Where Does New Orleans Source Their Water From?
New Orleans sources its water primarily from the Mississippi River, a vast waterway that stretches over 2,300 miles from its source in Minnesota to the Gulf of Mexico. The river has been the lifeblood of New Orleans since the city’s founding in 1718, providing a crucial source of water for drinking, agriculture, and industry.
The process of turning river water into safe drinking water begins at the city’s two water purification plants: the Carrollton Water Purification Plant and the Algiers Water Purification Plant. These facilities serve the east and west banks of the city, respectively.
Multi-Step City Water Treatment Process
At these plants, the water undergoes a multi-step treatment process to remove contaminants and ensure it meets or exceeds federal and state water quality standards.
- Step 1: Coagulation – First, the water goes through coagulation, where chemicals are added to the water to make tiny particles stick together and form larger particles that are easier to remove.
- Step 2: Sedimentation – Then, the water goes through a sedimentation process where the water is allowed to sit so the larger particles can settle to the bottom and be removed.
- Step 3: Filtration – Next, the water is filtered to remove any remaining particles. The filtration process typically involves passing the water through layers of sand, gravel, and charcoal to trap and remove particles.
- Step 4: Disinfection – Lastly, the water is disinfected to kill any remaining bacteria, viruses, or other microorganisms. This is typically done by adding chlorine to the water, although other disinfection methods may also be used.
Once the treatment process is complete, the water is pumped into a network of pipes that distribute it to homes and businesses throughout the city. Along the way, the water is stored in water towers and reservoirs to ensure a steady supply is always available, even during times of high demand.
What Is the Best Way to Filter Out These Contaminants?
While tap water in New Orleans is generally safe to drink, those who are concerned about potential contaminants may wish to use a water filter. Different types of filters can remove different contaminants, so it’s important to choose a filter that is designed to remove the specific contaminants you are concerned about.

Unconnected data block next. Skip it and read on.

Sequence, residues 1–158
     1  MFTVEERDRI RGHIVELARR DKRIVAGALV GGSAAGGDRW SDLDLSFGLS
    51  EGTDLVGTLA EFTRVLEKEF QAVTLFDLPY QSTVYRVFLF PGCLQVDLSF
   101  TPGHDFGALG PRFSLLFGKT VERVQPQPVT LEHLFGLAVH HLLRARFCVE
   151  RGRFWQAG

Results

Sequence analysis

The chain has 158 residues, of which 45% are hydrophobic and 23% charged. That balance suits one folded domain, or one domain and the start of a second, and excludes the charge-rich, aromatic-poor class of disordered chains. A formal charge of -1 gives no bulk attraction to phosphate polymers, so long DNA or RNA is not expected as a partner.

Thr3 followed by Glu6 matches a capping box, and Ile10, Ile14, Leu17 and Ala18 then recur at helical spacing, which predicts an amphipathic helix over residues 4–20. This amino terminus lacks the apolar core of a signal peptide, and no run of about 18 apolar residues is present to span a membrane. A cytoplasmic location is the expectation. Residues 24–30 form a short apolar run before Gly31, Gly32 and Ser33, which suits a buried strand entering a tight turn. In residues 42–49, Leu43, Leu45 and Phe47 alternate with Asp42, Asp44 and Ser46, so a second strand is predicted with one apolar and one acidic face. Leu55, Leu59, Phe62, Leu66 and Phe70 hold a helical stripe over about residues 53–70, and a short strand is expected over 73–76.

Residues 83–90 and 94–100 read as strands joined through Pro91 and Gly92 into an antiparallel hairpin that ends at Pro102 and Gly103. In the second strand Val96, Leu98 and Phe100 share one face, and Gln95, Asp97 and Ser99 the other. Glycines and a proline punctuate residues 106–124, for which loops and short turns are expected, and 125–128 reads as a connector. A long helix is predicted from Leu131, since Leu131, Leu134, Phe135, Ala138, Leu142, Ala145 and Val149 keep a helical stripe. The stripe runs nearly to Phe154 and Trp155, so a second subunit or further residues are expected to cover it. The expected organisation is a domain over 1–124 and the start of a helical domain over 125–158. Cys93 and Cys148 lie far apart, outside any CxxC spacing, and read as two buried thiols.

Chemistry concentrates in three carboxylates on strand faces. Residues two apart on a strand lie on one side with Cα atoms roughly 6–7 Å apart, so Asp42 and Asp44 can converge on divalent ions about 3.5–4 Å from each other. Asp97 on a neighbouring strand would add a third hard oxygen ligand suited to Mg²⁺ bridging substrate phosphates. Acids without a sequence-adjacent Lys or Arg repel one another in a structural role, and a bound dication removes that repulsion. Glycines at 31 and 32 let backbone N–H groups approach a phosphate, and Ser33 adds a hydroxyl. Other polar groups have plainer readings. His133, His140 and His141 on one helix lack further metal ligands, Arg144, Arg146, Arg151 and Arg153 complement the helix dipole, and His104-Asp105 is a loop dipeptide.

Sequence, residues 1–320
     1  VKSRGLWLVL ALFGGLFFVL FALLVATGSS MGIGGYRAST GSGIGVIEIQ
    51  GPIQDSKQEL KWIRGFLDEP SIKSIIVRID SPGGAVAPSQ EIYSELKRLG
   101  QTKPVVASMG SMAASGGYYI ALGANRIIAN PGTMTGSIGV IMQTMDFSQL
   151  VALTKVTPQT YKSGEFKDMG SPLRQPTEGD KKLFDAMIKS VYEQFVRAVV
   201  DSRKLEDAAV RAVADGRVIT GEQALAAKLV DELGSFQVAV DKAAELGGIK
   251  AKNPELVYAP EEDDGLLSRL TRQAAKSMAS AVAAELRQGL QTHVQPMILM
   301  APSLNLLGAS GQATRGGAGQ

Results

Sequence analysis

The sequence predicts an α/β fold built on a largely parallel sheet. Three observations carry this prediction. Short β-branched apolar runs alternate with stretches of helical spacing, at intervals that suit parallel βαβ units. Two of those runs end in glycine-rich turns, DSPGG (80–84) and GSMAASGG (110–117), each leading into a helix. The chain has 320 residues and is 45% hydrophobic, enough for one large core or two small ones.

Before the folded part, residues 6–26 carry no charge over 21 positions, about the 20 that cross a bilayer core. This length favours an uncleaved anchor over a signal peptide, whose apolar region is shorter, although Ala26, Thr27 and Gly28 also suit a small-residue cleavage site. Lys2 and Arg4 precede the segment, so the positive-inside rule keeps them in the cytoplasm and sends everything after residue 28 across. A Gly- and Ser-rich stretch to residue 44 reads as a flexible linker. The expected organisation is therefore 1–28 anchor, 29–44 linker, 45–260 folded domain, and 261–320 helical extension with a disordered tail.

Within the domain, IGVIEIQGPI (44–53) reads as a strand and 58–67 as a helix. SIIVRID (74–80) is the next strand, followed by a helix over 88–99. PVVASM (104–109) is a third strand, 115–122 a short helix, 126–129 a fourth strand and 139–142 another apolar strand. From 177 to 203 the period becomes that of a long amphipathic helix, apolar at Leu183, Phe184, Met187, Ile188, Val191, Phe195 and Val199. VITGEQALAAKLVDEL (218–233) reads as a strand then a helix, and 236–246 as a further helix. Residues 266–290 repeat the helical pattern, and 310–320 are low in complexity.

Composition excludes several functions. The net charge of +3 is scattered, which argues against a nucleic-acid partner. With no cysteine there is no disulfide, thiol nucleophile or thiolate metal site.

For example, activated carbon filters can remove many organic compounds and chlorine byproducts, while reverse osmosis filters can remove a wider range of contaminants, including heavy metals and nitrates.
Here’s a quick look at the different types of water filtration systems that are available and the contaminants they are capable of removing:
|Contaminants Above EWG Health Guidelines||Activated Carbon Filtration System||Reverse Osmosis Filtration System||Ion Exchange Filtration System|
|Haloacetic Acids (HAA5 & HAA9)||X||X|
|Nitrate & Nitrite||X||X|
|Radium (-226 & -228)||X||X|
|Total Trihalomethanes (TTHMs)||X||X|
|Other Contaminants Detected|
|Uranium, combined (pCi/L)||X||X|
Now, let’s take a closer look at each type of filtration system.
Activated Carbon Filtration System
The activated carbon works by adsorption, a chemical reaction where certain particles are attracted to activated carbon and bond with it. The effectiveness of activated carbon filters can depend on the amount and type of carbon used, the amount of time the water is in contact with the carbon, and the particle size of the contaminants.
While activated carbon filters are effective at removing many types of contaminants, they are not effective at removing minerals, salts, and dissolved inorganic compounds. Therefore, if these are a concern, you may need to consider a different type of filter.
Reverse Osmosis Filtration System
Reverse osmosis systems are another common type of water filter. They work by forcing water through a semipermeable membrane that filters out a wide range of contaminants, including heavy metals, salts, and nitrates.
Reverse osmosis systems are highly effective at removing contaminants, but they also remove beneficial minerals from the water. Additionally, they produce a lot of wastewater – for every gallon of purified water, they can produce 3-5 gallons of wastewater.
Despite these drawbacks, reverse osmosis systems can be a good choice if you are concerned about a wide range of contaminants in your water.
Ion Exchange Filtration System
Ion exchange filters work by exchanging ions in the water with ions in a resin. They are particularly effective at removing dissolved salts, such as calcium and magnesium, which are responsible for water hardness.
There are two types of ion exchange filters: cation exchange, which are commonly used in water softeners, and anion exchange. Cation exchange filters exchange positively charged ions (like calcium and magnesium) in the water with sodium or potassium ions. Anion exchange filters work in a similar way, but they exchange negatively charged ions.
Ion exchange filters can be very effective at removing certain types of contaminants, but they do not remove organic compounds, pathogens, or particulates. Therefore, they are often used in combination with other types of filters.
Ultimately, the best type of water filter for you depends on the specific contaminants in your water you are concerned with. You may need to use a combination of filters to effectively remove all the contaminants of concern.
In conclusion, while the tap water in New Orleans is generally safe to drink, it’s not entirely free of contaminants. However, these are typically present at levels considered safe by federal standards. If you are concerned about potential contaminants in your tap water, you may wish to use a water filter for added peace of mind.